Pressor therapy in acute ischemic stroke: systematic review

Amit K Mistri, Thompson G Robinson, John F Potter
Stroke; a Journal of Cerebral Circulation 2006, 37 (6): 1565-71

BACKGROUND AND PURPOSE: Systolic blood pressure (SBP) levels below 140 mm Hg after acute stroke occur in 18% to 25% of patients, and may be associated with adverse outcome, in terms of death and disability. It has thus been proposed that BP elevation in acute ischemic stroke may be beneficial by increasing perfusion to the peri-infarct penumbra, though not only in those with low BP levels.

METHODS: All articles studying BP elevation in the context of acute stroke were identified using a structured search strategy.

RESULTS: Two reviewers independently searched the databases, and 12 relevant publications were identified. All identified publications related to acute ischemic stroke and no articles on pressor therapy in primary hemorrhagic stroke were found. The review included 319 subjects (age: 42 to 88 years, 46% male), with phenylephrine being the most commonly used pressor agent, though 8 studies incorporated volume expansion. Because of small numbers, and varying entry/outcome criteria, no meta-analysis of outcome measures was possible. Overall, in these few studies undertaken, pressor therapy in acute stroke appears feasible and well-tolerated. The benefit and risks in terms of clinical outcomes remains unknown, but intensive monitoring is advised if such therapy is undertaken.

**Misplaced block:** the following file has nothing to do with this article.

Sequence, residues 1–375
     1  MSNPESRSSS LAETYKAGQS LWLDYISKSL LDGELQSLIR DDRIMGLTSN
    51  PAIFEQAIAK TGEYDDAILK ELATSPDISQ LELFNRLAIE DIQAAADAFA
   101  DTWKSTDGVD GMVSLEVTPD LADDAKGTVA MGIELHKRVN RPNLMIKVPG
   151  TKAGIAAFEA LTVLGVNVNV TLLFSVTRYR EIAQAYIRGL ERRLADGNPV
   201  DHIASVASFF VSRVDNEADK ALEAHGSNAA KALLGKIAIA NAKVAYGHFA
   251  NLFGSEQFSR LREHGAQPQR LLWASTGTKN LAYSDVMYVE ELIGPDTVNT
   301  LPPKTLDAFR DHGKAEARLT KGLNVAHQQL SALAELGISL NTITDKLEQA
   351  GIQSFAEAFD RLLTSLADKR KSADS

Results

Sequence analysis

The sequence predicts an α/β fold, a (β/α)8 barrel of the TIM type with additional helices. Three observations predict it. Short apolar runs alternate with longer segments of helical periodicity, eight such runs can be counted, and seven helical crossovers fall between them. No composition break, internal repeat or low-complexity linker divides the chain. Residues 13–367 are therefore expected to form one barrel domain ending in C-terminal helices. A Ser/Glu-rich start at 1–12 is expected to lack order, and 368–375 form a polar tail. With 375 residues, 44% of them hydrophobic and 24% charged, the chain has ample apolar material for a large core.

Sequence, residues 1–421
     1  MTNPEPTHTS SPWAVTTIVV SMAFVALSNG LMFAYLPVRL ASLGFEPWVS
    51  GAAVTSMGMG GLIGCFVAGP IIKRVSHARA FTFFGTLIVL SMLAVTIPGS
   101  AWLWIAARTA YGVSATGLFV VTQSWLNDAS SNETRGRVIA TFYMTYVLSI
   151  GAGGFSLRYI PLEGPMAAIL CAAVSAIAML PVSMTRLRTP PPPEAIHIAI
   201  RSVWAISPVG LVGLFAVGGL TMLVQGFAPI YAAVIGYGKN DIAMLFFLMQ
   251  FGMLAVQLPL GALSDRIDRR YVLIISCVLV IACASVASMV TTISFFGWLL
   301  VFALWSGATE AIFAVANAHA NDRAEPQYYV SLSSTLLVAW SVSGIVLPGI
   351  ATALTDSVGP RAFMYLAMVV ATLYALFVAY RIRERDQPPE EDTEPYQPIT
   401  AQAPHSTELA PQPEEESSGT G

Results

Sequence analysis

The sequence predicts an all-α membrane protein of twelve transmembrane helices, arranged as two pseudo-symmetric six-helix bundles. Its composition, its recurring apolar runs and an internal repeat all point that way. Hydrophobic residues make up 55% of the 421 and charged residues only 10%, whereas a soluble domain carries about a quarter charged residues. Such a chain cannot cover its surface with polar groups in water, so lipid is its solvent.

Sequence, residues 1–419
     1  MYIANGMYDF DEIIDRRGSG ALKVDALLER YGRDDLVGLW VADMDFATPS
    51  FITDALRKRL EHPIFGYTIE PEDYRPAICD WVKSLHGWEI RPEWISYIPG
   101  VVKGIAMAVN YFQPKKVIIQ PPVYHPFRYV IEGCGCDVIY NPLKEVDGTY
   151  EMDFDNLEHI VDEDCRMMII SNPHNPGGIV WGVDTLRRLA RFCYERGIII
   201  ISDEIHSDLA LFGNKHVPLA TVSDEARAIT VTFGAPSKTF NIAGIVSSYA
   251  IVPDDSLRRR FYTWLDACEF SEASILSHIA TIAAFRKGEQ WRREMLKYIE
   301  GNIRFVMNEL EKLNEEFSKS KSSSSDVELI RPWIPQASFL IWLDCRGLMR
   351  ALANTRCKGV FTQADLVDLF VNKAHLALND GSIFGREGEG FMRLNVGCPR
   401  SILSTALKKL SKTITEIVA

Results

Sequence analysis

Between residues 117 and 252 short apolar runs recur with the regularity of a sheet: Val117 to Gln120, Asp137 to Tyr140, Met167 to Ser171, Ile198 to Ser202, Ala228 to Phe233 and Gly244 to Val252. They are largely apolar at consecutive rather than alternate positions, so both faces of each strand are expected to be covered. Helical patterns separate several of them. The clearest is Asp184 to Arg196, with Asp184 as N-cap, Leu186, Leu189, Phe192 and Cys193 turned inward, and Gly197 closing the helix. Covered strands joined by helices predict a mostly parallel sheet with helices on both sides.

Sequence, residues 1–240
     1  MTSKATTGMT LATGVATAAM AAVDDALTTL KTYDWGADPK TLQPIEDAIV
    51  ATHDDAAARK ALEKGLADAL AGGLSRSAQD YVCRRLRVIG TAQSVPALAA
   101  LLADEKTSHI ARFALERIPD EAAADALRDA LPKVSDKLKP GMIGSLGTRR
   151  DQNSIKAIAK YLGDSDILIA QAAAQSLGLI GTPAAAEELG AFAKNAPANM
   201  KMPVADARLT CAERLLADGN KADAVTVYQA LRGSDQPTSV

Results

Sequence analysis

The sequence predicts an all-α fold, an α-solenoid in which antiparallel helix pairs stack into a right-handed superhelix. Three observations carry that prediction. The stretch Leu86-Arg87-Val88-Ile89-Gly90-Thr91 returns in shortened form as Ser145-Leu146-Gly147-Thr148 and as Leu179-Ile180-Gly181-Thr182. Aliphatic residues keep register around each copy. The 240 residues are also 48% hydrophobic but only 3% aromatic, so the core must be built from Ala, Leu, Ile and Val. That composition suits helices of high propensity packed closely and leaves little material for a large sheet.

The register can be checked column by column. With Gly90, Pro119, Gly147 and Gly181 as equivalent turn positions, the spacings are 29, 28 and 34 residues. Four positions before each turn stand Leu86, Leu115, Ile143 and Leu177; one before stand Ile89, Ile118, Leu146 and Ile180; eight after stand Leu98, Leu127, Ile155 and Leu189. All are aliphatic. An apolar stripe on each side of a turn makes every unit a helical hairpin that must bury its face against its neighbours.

CONCLUSIONS: Theoretical arguments exist for inducing BP elevation in acute ischemic stroke to increase blood flow to the ischemic penumbra across patients with a broad BP range. To date, there have only been a few small trials with inconclusive results. Many questions are still unanswered about the safety and potential benefits of pressor therapy in acute stroke. Hopefully, ongoing trials will answer some of these important questions.

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